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Blame

Poetry & Prose | April 29, 2013

I’m looking at my sister, Cara, trying to decide who I blame for destroying her childhood. She looks back at me, sleepy but curious, from the right side of the bed. Our fluffy down covers are smashed into a condensed-feather heap at the foot of our bed. Neither of us ever makes it through a whole night with the blankets on, and when we share a bed, like tonight, we usually give up on the covers pretty early.

She repeats her question: “Do you ever tell people about what happened with mom and dad?”
I know what she means, but seeing her earnest face asking this serious question is something I feel like turning away from, rolling over and pressing my face into the pillow and breathing in my own wet-hair scent.
I know who I blame.

The day my father and mother told us they were getting divorced, I sat in our big green chair, my legs twisted under me, and felt hopeless. I remember it was summer. I remember the smell the most, of lilacs.

Not quite a year later, my father took Cara and me to meet Rena. It was around November, windy and cold, and we went with our father to meet this unknown woman for hot chocolate at a cozy Irish restaurant. On the way to the restaurant, Cara and I sat bundled in our coats, and I felt cold and confused. Cara drifted off to sleep, gently snoring, as she always does on car rides. I nudged my shoulder into a crevice of the car door and stared out the window, as I always do on car rides. I bit my nails and wondered at what she’d be like–Pretty, maybe? artsy and calm, with a long printed skirt? tall and long-limbed and authoritative? Would she be intimidating? Would she even be smart? My father, driving, whistled along with a Johnny Cash CD. One Rena had made him, I later learned.
Rena. Cheerful and warm, both literally and figuratively so. Diminutive and strong-featured, with puffy graying brown hair. Her smile at the first sight of us pink-and-purple-coated little girls was genuine, and one she always greeted us with. Cara and I, from that first smile, felt that she cared about us. As she asked that familiar question, “now, which one of you is which?,” I felt myself give a little grin back as Cara loudly announced which one she was. We couldn’t help ourselves, seeing that contagious smile, feeling her immediate embrace, in beginning to care about her.

Rena would come to our father’s apartment and teach us games, bring us sewing projects and special treats from bakeries we liked. She made my father relax and have fun with us in a way he rarely did. We saw him joke around, laugh loudly even though he normally was too shy as to even smile for pictures. “Johnny B,” she would say, “do that crazy dance you and the girls do–I’ll film it.” She filled our lives with art: photos she’d taken, pottery she’d made, drawings she’d done of my father that made him look wise and special. Once, we went furniture shopping–something Cara and I had always hated doing with my parents–and Rena made up scavenger hunts for us to play amongst the plush couches and shining wood cabinets.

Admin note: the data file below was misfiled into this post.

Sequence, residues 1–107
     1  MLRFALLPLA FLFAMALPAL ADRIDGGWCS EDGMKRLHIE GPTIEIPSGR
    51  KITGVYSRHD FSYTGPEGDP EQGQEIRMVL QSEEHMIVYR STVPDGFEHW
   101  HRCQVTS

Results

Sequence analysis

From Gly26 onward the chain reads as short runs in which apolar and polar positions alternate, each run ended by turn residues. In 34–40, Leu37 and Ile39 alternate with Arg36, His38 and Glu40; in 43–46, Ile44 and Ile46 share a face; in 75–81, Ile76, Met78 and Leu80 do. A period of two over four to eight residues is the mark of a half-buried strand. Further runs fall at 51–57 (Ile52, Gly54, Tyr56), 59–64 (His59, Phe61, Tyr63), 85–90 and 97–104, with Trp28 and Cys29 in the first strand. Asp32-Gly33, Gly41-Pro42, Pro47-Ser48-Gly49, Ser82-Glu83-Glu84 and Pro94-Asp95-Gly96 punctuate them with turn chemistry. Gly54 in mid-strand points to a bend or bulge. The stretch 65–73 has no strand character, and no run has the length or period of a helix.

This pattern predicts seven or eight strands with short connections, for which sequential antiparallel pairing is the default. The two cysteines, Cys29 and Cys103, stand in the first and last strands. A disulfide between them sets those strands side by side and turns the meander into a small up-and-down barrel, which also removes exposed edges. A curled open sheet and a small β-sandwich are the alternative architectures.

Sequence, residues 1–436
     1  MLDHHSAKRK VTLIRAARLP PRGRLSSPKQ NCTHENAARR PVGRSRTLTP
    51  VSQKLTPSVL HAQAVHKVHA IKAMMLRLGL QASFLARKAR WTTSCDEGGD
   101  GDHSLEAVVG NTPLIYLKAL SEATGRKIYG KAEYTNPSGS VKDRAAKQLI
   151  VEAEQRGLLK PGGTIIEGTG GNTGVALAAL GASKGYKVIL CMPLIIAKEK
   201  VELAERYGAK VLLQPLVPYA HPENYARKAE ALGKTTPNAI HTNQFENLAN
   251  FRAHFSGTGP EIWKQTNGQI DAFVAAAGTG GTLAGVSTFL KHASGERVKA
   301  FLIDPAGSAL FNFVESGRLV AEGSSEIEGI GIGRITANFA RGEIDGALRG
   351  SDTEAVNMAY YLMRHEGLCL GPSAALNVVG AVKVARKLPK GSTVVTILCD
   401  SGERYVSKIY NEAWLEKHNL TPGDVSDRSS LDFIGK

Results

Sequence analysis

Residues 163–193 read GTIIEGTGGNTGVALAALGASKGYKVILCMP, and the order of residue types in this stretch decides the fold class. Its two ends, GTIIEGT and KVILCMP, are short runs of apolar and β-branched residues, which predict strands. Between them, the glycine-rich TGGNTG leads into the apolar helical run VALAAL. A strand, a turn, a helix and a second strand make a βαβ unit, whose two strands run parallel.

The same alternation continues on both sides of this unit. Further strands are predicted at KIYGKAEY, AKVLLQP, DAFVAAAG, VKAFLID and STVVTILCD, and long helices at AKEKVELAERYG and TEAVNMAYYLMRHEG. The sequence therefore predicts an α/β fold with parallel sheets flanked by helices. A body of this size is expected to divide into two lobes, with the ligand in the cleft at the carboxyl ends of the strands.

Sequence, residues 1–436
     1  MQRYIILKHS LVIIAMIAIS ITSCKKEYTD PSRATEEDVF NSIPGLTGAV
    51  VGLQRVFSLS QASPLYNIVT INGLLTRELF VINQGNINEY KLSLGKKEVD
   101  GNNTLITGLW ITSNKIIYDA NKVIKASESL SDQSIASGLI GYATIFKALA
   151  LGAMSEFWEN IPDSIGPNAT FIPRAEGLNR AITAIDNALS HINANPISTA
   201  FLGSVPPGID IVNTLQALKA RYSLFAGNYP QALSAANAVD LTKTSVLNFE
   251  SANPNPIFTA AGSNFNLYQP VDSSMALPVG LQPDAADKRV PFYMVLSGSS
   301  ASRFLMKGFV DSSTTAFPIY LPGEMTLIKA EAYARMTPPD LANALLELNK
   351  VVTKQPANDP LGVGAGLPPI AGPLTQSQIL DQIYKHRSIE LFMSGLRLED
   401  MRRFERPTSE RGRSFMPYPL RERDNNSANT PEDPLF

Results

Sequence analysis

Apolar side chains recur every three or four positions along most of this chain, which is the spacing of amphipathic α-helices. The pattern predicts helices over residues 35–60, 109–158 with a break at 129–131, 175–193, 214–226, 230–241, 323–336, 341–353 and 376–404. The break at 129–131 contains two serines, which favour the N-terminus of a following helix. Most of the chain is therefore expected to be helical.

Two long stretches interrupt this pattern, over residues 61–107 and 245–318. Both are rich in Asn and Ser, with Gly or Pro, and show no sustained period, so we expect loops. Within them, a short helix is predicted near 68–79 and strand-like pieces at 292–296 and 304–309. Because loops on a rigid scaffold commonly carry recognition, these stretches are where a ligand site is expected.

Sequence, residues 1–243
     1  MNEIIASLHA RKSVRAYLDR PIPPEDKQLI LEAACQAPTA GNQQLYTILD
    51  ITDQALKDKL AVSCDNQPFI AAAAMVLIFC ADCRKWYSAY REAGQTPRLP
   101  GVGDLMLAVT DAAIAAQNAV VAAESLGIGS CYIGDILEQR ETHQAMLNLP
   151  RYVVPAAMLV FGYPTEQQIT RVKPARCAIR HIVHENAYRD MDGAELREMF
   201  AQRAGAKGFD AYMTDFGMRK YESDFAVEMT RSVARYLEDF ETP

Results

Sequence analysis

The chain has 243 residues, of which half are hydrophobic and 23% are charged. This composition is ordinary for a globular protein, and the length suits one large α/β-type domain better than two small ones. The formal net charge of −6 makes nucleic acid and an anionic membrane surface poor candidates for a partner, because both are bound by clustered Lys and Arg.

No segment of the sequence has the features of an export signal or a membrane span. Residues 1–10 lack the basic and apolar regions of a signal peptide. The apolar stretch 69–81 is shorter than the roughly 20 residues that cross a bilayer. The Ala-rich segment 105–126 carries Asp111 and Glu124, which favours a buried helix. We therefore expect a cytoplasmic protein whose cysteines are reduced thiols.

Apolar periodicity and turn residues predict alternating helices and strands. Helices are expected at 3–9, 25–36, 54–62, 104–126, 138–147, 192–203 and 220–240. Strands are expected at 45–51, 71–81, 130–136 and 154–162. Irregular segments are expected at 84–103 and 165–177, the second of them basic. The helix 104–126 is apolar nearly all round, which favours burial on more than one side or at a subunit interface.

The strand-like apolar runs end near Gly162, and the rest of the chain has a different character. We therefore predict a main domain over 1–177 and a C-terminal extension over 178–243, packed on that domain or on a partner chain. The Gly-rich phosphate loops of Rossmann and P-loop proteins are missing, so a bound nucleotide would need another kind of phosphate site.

She became one of my favorite people in the world, helping my father learn how to relate to his daughters and letting us know that she truly adored us. She loved us. Loves us.

The summer that I was 14, about a year after my father and Rena broke up, my sister and I went to Martha’s Vineyard with our mother and each of our best friends. Us four girls all shared one room, a dimly lit one with hard beds and a futon. On our third night there, my mother was reading in the lamplit living room and Cara, our friends, and I were brushing our teeth and pulling on pajamas. Cara took me aside in the hallway and I watched her swallow as she haltingly explained that she had to tell me something: “Do you…know why mommy and daddy got a divorce?”

I found myself looking at the ground; she looked at the ground too. I felt the way I had years earlier, when Cara had insisted on knowing if Santa Claus was real or not. Trying to close my ears the way I squeezed my eyes shut, sensing words that I was sure I did not want to hear but needed to.

“Daddy cheated on mommy,” Cara said, softly.

I asked, “what?” reflexively, but she didn’t repeat her words. I stayed there next to her for a moment, feeling broken. How had I been so completely idiotic as to not have seen this? How had it never made sense that my mother, in the few times we’d seen her and Rena together, was cold in a way that my mother never was with anyone? How had my father lied to us so surely, let us grow to love Rena as a part of our family? And how was it that I, who had tried so hard for years to keep Cara from hearing my parents’ fights, was the one standing here feeling so stupid and useless in cloud-print pajamas? I felt failed and fallen, so angry that my no-longer-little sister had to bear the knowledge of this. Bear the burden of telling me.

Cara’s asking me if I ever tell people about what happened. “No…not usually,” I say. Looking right at her, not looking at the floor.
“I don’t want to tell most people because I don’t want them to hate daddy.”
She nods, those big sage eyes sad in her agreement. And we silently recognize that we both want to be past letting it shape us.

Though I want to be past letting this shape me, though I love Rena, I will never forgive her. The thought of her total betrayal still wrenches through me as pure, deep, and infinite heartbreak.